I spent plenty of Friday nights at home a a kid, cooped up in my upstair bedroom, plowing through the latest Super Nintendo game I was renting. Sixteen years later, as grey hairs are starting to multiply and 60 Minutes has become a highlight of my week,  I plan on spending my Friday night with a mouth full of Lemonheads, sipping Diet Mountain Dew while in hot pursuit of Bowser.

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6 thoughts on “When Wii Were Young

  1. I smell what you’re cooking.

    I played a lot of videogames as a kid, but since graduating college, I’ve probably only turned on my Playstation 2 a couple dozen times. I’ve got at least three games I’ve purchased and never even played once. I’ve got a great baseball game I bought on a whim last spring and played non-stop for like a week and have attempted to play once since, but spent three hours updating rosters manually and got sick of it.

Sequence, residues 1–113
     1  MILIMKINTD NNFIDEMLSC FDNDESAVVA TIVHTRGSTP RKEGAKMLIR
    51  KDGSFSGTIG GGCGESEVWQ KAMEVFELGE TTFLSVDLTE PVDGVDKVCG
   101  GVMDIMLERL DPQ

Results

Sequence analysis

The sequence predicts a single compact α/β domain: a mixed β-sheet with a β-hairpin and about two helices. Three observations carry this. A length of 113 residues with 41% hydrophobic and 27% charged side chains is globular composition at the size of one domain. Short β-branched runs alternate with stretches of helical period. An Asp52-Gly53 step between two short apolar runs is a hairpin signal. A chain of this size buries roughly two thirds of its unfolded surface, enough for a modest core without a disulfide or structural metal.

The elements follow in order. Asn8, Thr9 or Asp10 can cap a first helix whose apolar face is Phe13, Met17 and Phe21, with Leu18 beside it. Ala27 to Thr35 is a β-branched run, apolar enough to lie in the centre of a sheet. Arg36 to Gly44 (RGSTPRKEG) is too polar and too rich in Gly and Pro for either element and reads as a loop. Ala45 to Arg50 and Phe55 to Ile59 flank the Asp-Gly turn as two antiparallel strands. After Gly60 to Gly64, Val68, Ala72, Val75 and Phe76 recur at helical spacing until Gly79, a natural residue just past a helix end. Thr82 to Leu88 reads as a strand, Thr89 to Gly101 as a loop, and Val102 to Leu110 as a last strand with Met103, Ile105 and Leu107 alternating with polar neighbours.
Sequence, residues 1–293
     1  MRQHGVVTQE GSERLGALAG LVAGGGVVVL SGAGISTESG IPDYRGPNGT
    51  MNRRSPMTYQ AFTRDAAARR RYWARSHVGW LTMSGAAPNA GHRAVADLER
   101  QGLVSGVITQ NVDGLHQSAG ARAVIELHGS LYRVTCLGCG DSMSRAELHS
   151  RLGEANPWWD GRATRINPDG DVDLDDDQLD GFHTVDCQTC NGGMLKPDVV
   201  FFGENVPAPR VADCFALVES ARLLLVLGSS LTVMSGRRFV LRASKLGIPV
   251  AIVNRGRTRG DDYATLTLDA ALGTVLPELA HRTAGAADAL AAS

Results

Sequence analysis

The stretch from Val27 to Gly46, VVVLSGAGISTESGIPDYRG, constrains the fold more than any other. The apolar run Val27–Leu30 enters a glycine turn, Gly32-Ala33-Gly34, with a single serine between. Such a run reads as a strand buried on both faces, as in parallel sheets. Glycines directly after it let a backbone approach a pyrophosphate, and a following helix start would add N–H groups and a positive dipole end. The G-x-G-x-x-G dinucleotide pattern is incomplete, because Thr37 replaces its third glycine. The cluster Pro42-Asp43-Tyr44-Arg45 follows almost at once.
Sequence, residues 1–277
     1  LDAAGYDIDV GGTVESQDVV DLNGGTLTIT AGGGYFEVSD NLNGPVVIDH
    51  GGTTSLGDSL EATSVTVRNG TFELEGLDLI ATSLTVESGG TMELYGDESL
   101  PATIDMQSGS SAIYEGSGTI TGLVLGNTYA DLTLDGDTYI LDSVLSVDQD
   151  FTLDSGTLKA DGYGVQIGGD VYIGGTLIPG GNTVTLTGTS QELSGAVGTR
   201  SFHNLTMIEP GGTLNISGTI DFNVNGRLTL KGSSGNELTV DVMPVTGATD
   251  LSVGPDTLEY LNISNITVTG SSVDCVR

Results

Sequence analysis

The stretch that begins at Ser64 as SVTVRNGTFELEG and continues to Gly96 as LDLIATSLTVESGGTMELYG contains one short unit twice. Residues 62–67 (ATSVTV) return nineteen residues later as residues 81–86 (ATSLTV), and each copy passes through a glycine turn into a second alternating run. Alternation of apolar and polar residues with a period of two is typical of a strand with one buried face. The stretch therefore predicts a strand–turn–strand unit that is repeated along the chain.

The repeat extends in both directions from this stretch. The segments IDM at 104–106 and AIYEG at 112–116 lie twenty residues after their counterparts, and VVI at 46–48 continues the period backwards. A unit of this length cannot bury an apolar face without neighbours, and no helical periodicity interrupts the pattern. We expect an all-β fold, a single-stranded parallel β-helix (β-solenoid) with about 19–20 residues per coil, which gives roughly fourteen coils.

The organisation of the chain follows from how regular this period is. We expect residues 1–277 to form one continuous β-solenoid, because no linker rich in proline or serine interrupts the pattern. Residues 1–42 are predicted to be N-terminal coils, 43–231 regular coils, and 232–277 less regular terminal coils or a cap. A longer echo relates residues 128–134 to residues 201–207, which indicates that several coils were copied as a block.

I’ve got a machine that plays both NES and SNES games and I love that thing and playing Super Mario and all that, but even then I still almost never pull it out and play the games. It’s too bad, I miss playing videogames, but I’ve just got too much going on.

    Getting older kinda sucks sometimes.

  2. Any blog that mentions Street Fighter II is great in my book. I still play videogames. It seems my desire and time to play them fell off a cliff once I graduated from high school but I still have found memories of beer and Grand Theft Auto III my freshman year of college.